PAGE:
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Tada Trekking Time.

21 Mar

An additional day of cool off time, paved way for the day to think on an expedition. With many blogs and websites that help to see the unseen we decided on a trip to Ubbalamadugu waterfalls. The nearest waterfall that one can get to from Chennai. It needs some patience to climb the rocky paths to reach it. And the falls, itself looks like a slightly huge shower,under which you can stand and not get washed away.  You can experience, feel and drink from the falls, due to its moderate force and small size.

We were a bunch of lazy guys trying to cool off on a rather unassuming day. So we got on a 0730 train from Chennai Central Suburban station (MMC) towards Sullurpeta (SPE). Tada railway station was almost 2 hours away. We could sleep, talk, and listen to music, and look around in the typical bachelor style of operations and movements.

Tada marks the border of Andhra Pradesh (2014) and Tamil Nadu state borders. But it has no grand welcome or exit messages. on reaching Tada, we had our breakfast and then went to the mayhem outside, that was the least welcoming for a tourist, in the form of share autos and other autos. The auto drivers were all enthusiastic, full of energy and ready to bargain. We started asking about the charges for to and fro the waterfalls (Forest Gate). Their estimates were all a solid INR 800 plus. Some drivers asked whether we wanted to go to toddy shop. We had a good laugh over it. And found a better way to proceed. We decided to go to the nearby bus stop and get ourselves as far as the public buses would go. We got to Tada bus stop,near Tada market, from there we took bus to Varadiah Palem. At Varadiah Palem, it was learned that there was no us to the place we wanted to go. So we have to resort to some auto. Without expertise of Telugu speakers in the group of 5,  we do not know how we would have bargained. But the bargain was not as expected. The auto driver was contumacious, and we had to stick to what price he had put, at INR 450 for to and fro. So we proceeded, the auto-driver suggested to buy and eat or store whatever required from Varadiah Palem, nothing would be available at the forest, the canteen which was there is also closed.

At the Forest gate, there was a shed under which some guards in khaki uniform rested. On seeing the auto , they came up. Some officials, were noticed, to be sitting with some papers under the shed. The guards who came up asked us about the bags, and requested to open it up. They check whether we are hiding liquor. Camera charges are to be paid at INR 50 per camera. Our auto driver paid for our entry and for the auto-rickshaw parking, after a shaky rocky ride. Then we moved on to the parking spot. From where, we have start on our foot. We saved the auto-drivers phone number and the auto number. We told him our estimate of return. He had put up his time to return as 1400. We had reached there after 1100.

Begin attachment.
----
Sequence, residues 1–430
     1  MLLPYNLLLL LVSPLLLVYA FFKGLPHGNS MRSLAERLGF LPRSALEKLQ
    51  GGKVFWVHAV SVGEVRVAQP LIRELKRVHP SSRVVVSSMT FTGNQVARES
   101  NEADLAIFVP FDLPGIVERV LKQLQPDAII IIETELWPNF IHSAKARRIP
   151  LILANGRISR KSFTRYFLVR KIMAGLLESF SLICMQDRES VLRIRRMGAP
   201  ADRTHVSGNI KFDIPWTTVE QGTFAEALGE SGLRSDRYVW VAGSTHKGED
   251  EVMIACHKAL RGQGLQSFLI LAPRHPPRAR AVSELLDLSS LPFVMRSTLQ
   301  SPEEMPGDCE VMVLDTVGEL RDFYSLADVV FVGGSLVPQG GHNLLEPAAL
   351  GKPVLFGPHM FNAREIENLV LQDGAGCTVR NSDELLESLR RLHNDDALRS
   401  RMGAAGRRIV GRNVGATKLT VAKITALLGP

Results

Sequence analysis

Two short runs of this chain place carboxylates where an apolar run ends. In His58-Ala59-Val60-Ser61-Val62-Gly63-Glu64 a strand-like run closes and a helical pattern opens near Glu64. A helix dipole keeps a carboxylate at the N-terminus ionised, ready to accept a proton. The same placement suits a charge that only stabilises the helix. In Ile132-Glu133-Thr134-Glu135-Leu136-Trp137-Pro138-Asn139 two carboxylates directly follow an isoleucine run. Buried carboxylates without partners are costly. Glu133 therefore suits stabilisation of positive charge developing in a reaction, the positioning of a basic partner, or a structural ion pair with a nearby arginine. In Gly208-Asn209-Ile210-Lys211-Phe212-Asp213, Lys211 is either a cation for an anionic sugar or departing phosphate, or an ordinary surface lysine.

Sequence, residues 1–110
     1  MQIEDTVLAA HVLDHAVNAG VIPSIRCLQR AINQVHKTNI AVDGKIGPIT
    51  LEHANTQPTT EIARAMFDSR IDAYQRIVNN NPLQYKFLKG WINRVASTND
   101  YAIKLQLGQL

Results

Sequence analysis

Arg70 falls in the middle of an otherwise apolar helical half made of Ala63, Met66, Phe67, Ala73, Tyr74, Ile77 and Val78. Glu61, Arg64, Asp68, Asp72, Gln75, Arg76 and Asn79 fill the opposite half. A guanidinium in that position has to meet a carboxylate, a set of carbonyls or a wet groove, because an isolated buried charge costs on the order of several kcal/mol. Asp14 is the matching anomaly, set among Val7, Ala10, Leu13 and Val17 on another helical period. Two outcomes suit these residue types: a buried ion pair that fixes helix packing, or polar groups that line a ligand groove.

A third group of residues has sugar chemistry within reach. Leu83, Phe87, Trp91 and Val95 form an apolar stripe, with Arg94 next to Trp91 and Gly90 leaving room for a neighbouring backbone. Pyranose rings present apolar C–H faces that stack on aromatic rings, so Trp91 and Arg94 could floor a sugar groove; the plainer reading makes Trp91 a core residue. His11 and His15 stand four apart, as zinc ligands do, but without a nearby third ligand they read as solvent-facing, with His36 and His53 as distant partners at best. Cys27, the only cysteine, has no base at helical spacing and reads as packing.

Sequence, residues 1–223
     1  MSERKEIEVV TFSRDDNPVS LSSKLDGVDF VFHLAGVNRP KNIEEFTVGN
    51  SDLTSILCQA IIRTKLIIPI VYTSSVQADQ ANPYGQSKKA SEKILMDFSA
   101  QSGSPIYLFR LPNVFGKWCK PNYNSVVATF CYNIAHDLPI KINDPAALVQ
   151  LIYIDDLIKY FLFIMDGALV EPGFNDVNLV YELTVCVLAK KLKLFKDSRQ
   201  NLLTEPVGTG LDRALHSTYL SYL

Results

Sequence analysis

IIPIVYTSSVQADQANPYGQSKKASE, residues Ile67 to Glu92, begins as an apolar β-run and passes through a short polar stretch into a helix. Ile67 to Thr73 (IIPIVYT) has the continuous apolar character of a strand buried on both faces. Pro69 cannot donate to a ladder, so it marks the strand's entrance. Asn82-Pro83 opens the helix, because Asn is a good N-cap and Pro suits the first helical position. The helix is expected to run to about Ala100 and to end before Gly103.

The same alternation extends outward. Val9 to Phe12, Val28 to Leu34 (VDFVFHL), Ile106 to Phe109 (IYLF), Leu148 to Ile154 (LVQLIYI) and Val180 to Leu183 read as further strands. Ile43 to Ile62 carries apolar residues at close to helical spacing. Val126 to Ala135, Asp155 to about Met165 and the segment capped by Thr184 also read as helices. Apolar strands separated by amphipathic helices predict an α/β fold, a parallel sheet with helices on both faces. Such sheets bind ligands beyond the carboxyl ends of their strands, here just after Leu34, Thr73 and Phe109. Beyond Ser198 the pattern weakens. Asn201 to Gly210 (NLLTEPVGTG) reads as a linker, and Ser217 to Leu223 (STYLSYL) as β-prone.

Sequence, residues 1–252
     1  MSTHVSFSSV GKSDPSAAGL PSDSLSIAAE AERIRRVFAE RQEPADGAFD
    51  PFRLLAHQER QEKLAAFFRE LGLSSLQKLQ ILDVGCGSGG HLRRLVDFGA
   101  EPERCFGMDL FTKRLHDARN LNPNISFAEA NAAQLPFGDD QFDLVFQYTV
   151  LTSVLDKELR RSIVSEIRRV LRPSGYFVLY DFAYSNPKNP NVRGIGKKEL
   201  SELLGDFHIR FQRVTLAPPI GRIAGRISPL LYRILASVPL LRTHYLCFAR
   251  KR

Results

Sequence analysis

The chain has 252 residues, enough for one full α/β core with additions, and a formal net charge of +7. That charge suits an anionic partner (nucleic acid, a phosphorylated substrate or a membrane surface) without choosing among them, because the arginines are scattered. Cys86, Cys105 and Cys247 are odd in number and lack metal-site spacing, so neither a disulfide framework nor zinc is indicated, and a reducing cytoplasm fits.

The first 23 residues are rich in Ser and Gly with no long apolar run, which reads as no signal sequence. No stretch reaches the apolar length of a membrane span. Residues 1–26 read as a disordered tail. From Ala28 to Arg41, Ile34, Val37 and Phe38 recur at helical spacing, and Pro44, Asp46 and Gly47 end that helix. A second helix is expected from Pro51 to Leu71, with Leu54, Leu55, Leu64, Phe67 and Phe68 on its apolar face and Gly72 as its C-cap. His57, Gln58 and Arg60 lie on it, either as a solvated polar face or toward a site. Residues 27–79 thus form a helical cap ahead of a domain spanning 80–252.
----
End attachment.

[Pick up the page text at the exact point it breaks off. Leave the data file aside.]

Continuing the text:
We met some steps built over a stream. We crossed it and started with photo sessions. The water in the stream was cool. And then the feet that are unused to walking have to start walking, over the stream, rocky trail. And the trail become more rocky. Some nice view of mountain tops. And then we moved on, it was the end of winter on March 2. The climate was pleasant and cool. It was not dusty and we could listen to some birds singing out.  Then we met another stream, where flow was more. We had emptied our bottles into sweat, bottles were filled at the running portion of the small river. Then we noticed that there were some empty discarded plastic bottles and some socks in the water. The rocks in the stream were like large pebbles, there were still some small ones that one could pick up as a souvenir.

We moved on, there was nothing to do about the waste in the forest, for we are also new here, but determined not to spoil it any further than it already is. Moving on, we started seeing some dogs and then a Siva temple. Beyond which we met another stream, a much small one, with two steps we could cross it. Near the stream some guys were having liquor, the smell was on the air. It was uninviting.

There were rocks to be trodden yonder, we were totally immersed in rocks and boulders. The size started increases, jumping over some and watching over the rocks all the time, since some which were easily step-able  were shit on by some organism of the wild, but our better guess were the dogs. Some guys were happily returning, we asked them about the onward journey for us, how far to the waterfalls. All of them of our age range were totally happy and energetic about tellings the routes and how the rocks got bigger. Some guys had picked up sticks to help themselves to climb over. We noticed that all the people had turned out in gangs, so that help was always around, there were also girls who went on trek, though a minority by number. The rocks mixed with streams. Sometimes, it was easy to walk on the stream below and get wet up to knees than to climb up a difficult stone.

The rocks became bigger, it was sometimes hard to find the easiest path, and then I relied on some extended hands of friends who could pull me up, tell me where to place the foot and climb and tread on. I met the read on white background solid lines on a big rock, that read danger area. Of course, the footwear were proving to be a head-ache, it helped over soil were we could make out there were shards of glasses. But then placing the foot on stone to climb up was easier with the leverage of foot-fingers than a plain surface provided by the footwear. Often, I had to take the footwear in hand to win over a challenging stone. I wanted to discard the footwear, while a friend also felt the same. We wanted to put out the danger in “Danger area” and we declared the place as “Chappal(footwear) area”.  The danger area, we assumed were going to be even tougher, as mentioned by returning trekkers. There was two huge massive stones and in between there were a few stones. From top of the landing stone, we had to step on the small area were the stones were actually stuck by the gap between the two large boulders. The small stepping stones were stuck there due to sheer size of the boulders on the sides. And to add thrill to all this we had to have a small jump from landing rock to the stepping zone. With abyss at the bottom giving some kind of creepy  feeling, with the smaller pieces of stones giving way to our weight on them and falling onto this depth, it was really giving a dangerous outlook on the purview. Two odd sticks could possibly lead us to the path above the danger area. This had to be done with extreme care. Especially with my weight to be pulled up, I had help with friends holding the sticks at the bottom and friends above who told me exactly where to put my step on, besides I had my hand ready to be pulled up just in case.